I went back to find an older article I remember reading about the use of the word “delight” when talking about products due to a recent conversation with a client.
“You can’t make a product delightful just by calling it delightful.”
Above is a quote from Joshua Reeves Founder of ZenPayroll, now Gusto talking about Silicon Valley’s tendency to look beyond algorithms and code when describing their products.
The article quotes numerous CEOs using the “delight” word to describe the impact they hope their offerings deliver. They all, of course, start to sound the same. To put the final nail in the coffin, they include Steve Ballmer of Microsoft saying, “we will focus relentlessly on delivering delightful, seamless experiences.”
But then the penny drops:
“Hold the eye rolls, however, because underneath its trendiness and the suspicion that it’s just some new marketing babble, the talk of delight signals a radical shift in the way Silicon Valley creates products.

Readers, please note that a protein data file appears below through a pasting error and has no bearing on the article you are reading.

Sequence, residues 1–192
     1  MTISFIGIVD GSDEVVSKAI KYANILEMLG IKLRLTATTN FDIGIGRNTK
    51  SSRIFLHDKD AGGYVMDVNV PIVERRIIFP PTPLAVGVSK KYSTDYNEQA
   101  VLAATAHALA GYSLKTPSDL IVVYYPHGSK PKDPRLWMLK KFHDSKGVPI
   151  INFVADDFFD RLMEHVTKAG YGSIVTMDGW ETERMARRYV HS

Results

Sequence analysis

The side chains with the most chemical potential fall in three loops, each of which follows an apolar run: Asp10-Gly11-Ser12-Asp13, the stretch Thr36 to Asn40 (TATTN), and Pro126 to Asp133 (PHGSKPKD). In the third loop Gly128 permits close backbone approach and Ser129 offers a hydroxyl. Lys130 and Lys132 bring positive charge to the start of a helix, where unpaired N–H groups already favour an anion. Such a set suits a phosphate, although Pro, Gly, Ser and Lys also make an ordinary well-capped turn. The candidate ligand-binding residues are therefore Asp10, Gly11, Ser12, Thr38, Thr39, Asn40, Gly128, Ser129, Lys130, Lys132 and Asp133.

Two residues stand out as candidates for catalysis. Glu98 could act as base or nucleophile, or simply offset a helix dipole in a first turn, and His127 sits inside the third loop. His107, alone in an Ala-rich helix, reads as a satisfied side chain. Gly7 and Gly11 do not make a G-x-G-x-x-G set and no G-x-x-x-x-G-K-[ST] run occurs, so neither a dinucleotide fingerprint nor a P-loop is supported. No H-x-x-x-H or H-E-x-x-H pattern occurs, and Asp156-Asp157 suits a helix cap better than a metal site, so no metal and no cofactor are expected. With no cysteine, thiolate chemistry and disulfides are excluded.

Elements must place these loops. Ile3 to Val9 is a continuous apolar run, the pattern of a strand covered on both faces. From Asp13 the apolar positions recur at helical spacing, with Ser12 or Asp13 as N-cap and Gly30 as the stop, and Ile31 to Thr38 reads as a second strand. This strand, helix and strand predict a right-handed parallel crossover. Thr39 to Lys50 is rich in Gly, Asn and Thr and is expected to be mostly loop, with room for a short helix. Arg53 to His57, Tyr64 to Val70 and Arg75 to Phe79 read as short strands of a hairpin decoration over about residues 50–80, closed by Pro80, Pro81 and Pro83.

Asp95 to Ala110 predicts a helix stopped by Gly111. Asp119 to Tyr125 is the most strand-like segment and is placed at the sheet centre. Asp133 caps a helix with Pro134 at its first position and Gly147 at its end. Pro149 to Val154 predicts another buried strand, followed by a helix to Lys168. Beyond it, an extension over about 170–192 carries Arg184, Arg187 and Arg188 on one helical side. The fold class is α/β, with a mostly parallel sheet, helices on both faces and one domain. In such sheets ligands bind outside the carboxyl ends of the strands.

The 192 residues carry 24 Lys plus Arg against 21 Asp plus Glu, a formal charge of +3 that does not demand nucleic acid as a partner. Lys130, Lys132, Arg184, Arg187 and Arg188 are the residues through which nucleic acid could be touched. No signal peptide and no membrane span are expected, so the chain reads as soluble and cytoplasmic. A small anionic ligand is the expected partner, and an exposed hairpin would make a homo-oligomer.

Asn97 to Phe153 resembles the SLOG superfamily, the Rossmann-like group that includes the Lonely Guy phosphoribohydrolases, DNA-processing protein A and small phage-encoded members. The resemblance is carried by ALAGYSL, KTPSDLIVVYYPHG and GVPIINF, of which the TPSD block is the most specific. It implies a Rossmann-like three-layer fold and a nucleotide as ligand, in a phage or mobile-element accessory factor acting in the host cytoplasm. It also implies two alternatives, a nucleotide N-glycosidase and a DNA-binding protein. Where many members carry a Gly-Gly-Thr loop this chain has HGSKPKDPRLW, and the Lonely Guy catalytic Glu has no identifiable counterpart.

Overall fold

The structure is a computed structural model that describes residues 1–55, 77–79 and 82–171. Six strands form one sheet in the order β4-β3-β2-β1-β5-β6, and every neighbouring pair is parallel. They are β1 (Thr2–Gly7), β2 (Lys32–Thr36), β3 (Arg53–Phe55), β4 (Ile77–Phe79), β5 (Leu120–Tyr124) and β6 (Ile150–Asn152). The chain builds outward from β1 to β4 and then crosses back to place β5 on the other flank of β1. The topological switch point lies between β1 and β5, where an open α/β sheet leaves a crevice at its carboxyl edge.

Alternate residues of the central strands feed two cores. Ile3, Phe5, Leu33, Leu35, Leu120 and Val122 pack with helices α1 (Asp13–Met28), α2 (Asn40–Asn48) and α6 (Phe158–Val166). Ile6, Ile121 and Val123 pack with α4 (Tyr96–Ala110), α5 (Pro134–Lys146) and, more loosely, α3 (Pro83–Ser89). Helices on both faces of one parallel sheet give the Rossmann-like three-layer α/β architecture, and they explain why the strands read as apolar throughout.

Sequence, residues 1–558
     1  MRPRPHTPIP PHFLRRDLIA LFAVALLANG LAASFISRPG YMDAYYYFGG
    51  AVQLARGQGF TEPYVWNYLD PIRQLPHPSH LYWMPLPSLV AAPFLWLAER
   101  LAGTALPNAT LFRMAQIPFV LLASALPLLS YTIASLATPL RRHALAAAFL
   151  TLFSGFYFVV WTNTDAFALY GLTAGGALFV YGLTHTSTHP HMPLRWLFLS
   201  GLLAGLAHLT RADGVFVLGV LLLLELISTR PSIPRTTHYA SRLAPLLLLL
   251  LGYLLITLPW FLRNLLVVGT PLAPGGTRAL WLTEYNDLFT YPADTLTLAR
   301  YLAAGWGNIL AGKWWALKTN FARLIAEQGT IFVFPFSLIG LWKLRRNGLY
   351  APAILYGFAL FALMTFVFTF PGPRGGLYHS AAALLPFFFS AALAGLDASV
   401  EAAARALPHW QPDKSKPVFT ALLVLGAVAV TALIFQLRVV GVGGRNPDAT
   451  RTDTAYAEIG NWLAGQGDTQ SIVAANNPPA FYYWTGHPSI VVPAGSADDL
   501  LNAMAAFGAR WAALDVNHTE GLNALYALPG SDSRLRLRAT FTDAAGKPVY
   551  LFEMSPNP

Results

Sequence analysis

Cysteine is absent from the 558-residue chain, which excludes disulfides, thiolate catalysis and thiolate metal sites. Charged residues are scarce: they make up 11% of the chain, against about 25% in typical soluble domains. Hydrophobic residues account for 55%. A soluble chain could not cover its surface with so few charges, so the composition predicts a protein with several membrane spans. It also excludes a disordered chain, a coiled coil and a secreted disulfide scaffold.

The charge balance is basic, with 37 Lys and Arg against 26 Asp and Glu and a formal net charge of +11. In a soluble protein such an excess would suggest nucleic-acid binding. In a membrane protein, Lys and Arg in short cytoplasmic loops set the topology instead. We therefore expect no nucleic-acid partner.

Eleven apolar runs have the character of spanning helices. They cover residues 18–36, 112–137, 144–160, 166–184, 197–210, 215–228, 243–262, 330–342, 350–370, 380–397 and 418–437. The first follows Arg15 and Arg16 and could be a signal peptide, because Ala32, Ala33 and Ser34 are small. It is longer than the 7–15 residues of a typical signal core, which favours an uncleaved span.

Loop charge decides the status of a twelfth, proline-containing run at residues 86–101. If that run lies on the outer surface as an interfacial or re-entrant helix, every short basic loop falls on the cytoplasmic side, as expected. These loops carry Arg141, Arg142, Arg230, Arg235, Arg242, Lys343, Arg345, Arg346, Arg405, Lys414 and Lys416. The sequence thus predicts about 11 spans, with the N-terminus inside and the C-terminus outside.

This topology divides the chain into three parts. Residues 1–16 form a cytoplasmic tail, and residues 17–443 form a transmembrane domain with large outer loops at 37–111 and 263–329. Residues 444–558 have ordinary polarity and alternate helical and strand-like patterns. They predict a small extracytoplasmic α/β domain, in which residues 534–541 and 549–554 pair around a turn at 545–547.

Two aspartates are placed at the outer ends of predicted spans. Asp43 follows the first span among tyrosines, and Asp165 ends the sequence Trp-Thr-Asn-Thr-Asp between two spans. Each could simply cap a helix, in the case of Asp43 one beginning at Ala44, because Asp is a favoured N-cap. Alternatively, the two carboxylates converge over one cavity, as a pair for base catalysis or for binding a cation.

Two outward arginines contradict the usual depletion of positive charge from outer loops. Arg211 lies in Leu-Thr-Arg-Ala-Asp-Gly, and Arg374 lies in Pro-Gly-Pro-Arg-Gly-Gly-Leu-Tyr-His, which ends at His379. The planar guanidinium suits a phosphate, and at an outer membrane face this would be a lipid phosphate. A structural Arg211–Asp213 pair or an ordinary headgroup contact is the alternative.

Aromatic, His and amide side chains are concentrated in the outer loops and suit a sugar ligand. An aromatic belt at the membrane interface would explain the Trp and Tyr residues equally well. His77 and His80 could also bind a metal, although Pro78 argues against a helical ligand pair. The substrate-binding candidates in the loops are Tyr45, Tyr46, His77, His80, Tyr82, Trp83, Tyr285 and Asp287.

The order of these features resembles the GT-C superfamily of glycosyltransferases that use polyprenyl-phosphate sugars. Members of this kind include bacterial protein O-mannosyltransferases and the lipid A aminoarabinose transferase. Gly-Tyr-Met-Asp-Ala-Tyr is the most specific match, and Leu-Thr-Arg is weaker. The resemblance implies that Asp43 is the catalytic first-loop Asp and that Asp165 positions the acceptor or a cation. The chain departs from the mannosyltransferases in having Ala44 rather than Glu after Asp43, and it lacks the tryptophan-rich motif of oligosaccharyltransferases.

“Someone invoking the principles of delight is saying that when thinking about making a product, what should come first is not the technology, but the people it is intended to serve.”
The shift the LA Times was talking about is the same transition every brand – regardless of category – will need to take to stand out in the 21st Century.
By deeply understanding the people your brand serves (both customers and employees), you no longer focus on the inner workings, the features and benefits, your algorithms and codes of your business, but rather on human needs, interests, values and aspirations.
Suddenly, your inner workings take on new meaning and emotional importance. You recast they way your organization thinks about and responds to people’s lives. You change the way your brand interacts with people, by being more empathetic and compassionate.
But, as Joshua Reeves says, you can’t simply make something meaningful and emotionally important by saying it is. Your brand needs to embody, resonate and convey its unique meaning and emotional appeal through humble actions and simple gestures.
Don’t think ads or promotions. Think meaningful behavior that creates the feeling for which you want to known.
Whether your want to create “delight”, or any of the over 300 positive emotions one can have, action always speak louder than words.
Emotive Brand is a brand strategy firm.
Image Credit: Kimberly White / Reuters